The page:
I get a lot of people very cautiously approaching the question: what is a postdoc? what do you actually do? TRANSLATION: *do you have a real job? If so, what is it?
I was a fairly successful graduate student. I had an amazing support team (PhD co-supervisors, committee members, colleagues and good friends) and some tri-council research funding; I completed my doctorate in the required timeline and published my dissertation work, all while maintaining my sanity and relationships. Phew!
So, I scored some funding and an opportunity to work with a world-class supervisor as a “postdoctoral fellow”. This is what I’ve been doing since 2012.
But, what does that mean? Well, it’s kind of like an internship – I get paid (*my funding agency keeps a roof over my head and supports my coffee consumption, as well as sends me to far away conferences/presentations – valencia! washington! nice! campbell river!) to conduct research projects, analyze data sets that my supervisor has, get my research out to the public… and publish, publish, publish!
What do I do as a postdoc? Well, postdocs typically finish writing up their PhD dissertation into a publishable format – either articles for scientific journals or in book form. Luckily, I can check that off my list. I conduct research (*mainly, interview and collect data from caregivers of persons with Parkinson’s disease and/or dementia, at the moment), I write papers (*which, hopefully, are published in scientific journals), I teach (*an online course on ‘healthy ageing’), I get to mentor undergraduate students who help me with data entry and analysis, I present at conferences (*you can see some of my recent ones here and here) and for the public, all while keeping my eyes on the job market. Academic job positions are typically posted once a year (Aug-Sept), resulting in applications submitted in the fall, interviews in the winter, and (if you cross your fingers and toes real tight!) a start date of July or September. In other words, AN ENTIRE YEAR. You get one shot a year. [pause for effect] So, this is a huge motivator to be productive with research and writing for your CV (*curriculum vitae, aka a resume of your academic accomplishments and involvements that can be infinitely long… my postdoc supervisors is over 100 pages!!!! Something to work up to, right?!).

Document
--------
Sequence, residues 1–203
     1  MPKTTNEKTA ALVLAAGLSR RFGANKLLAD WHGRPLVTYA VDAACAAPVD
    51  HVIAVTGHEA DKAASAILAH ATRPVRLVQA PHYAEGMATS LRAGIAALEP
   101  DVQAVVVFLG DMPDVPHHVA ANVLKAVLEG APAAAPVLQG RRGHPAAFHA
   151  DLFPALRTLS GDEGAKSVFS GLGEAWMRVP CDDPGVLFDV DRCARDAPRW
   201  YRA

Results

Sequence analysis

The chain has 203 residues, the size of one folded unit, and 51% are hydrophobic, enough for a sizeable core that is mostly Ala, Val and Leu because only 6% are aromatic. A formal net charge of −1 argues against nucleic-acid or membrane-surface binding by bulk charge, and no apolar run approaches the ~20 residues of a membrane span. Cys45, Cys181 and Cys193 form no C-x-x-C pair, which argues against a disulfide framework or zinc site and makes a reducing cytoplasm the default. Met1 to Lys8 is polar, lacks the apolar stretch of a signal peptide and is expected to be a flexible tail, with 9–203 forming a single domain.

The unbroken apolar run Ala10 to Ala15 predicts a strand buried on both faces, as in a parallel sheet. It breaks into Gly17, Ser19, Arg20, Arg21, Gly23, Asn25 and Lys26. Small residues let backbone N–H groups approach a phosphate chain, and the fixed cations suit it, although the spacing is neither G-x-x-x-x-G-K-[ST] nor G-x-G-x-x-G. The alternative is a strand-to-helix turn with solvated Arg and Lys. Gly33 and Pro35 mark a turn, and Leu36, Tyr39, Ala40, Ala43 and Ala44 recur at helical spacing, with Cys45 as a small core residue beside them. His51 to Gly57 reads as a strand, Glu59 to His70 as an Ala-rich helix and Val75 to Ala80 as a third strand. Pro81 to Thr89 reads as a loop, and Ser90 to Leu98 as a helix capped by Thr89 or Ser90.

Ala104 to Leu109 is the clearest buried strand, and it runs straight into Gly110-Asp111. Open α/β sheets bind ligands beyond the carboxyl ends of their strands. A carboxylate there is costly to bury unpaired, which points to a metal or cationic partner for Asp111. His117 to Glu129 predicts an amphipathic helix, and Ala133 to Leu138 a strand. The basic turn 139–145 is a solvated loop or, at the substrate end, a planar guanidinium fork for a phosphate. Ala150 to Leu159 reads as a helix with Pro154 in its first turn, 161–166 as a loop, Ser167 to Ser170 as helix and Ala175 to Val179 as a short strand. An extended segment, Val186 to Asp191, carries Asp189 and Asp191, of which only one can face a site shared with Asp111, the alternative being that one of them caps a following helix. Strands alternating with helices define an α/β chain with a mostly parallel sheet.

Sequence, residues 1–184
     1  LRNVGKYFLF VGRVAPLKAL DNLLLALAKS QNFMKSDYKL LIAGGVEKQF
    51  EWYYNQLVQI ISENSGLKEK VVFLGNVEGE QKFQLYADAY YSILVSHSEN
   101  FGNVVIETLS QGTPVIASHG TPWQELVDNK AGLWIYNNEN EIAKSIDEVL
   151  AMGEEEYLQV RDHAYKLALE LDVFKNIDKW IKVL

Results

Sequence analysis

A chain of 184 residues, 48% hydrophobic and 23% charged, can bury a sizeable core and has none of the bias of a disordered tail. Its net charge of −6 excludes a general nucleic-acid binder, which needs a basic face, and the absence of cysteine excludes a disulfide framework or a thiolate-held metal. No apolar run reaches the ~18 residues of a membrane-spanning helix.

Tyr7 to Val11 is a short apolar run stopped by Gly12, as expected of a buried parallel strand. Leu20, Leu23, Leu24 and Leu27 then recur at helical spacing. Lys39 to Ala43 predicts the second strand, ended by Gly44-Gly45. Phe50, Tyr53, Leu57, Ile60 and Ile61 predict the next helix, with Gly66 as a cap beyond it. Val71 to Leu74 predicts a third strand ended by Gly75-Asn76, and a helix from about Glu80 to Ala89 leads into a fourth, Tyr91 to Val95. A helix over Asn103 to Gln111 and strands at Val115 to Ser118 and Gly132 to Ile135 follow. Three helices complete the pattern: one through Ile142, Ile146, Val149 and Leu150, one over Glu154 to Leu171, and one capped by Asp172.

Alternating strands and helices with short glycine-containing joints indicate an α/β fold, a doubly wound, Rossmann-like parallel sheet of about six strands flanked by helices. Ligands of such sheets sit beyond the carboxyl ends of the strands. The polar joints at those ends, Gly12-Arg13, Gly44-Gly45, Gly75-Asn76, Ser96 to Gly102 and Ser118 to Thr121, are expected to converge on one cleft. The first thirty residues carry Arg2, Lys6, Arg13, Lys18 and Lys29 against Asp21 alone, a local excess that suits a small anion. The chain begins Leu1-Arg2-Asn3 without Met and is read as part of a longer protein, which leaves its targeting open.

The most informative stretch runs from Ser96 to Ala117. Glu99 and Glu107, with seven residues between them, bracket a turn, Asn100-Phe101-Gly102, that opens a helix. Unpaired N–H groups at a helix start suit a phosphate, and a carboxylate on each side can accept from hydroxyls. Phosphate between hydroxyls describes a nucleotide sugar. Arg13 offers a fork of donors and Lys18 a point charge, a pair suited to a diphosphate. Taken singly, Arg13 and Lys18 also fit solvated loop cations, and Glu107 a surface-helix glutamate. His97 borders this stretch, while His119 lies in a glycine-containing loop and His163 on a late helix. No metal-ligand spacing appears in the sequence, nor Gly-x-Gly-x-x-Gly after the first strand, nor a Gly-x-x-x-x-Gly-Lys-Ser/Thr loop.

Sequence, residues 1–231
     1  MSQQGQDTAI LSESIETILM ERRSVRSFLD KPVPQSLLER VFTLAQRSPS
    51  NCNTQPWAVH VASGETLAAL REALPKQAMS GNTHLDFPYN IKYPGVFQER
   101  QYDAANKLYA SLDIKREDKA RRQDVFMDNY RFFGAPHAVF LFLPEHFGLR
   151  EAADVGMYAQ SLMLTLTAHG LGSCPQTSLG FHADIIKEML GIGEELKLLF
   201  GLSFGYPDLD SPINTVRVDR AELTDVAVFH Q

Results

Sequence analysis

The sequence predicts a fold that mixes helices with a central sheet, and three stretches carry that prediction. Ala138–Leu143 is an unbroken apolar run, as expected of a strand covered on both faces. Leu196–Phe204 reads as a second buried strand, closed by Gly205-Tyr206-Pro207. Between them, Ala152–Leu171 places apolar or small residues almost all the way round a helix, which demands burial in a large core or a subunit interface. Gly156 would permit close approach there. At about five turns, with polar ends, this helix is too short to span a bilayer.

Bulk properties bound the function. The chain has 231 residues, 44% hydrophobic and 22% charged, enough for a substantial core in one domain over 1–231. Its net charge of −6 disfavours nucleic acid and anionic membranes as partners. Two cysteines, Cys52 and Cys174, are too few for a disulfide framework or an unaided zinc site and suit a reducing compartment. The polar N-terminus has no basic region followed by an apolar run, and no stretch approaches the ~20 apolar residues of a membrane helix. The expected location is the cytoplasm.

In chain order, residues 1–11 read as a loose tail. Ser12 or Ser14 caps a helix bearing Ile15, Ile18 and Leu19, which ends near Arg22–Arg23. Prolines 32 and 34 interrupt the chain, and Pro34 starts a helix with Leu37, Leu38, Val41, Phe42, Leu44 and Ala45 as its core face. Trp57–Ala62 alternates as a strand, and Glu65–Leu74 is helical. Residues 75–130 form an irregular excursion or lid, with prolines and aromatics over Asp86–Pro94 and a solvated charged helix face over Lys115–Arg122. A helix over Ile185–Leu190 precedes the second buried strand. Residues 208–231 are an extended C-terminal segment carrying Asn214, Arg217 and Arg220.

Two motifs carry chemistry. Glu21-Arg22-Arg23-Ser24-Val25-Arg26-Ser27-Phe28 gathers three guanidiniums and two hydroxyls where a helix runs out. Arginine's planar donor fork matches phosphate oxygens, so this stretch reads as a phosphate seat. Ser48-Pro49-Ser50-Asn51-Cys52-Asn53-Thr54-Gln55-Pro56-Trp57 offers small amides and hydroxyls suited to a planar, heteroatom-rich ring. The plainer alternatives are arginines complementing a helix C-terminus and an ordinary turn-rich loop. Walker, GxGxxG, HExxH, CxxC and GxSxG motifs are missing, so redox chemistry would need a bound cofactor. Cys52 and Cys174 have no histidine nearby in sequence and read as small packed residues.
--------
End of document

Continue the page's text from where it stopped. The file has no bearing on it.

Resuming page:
And, how do I manage to do all this? Simple. Coffee.
… aaaand a good support team. Throw in a dash of focus, determination, and enjoyment (*no, the last one is not a typo).
It’s a pretty great place to be, actually. I make my own schedule. I have the opportunity to learn a new area of research and have a world-class supervisor who has really taught me independence and to trust my skills. I get to share my work with a community of my peers and those with Parkinson’s and their care partners. I’m getting great experience teaching, and am able to be as productive as possible. TRANSLATION: getting line-by-line closer to that 100+pg CV. much love.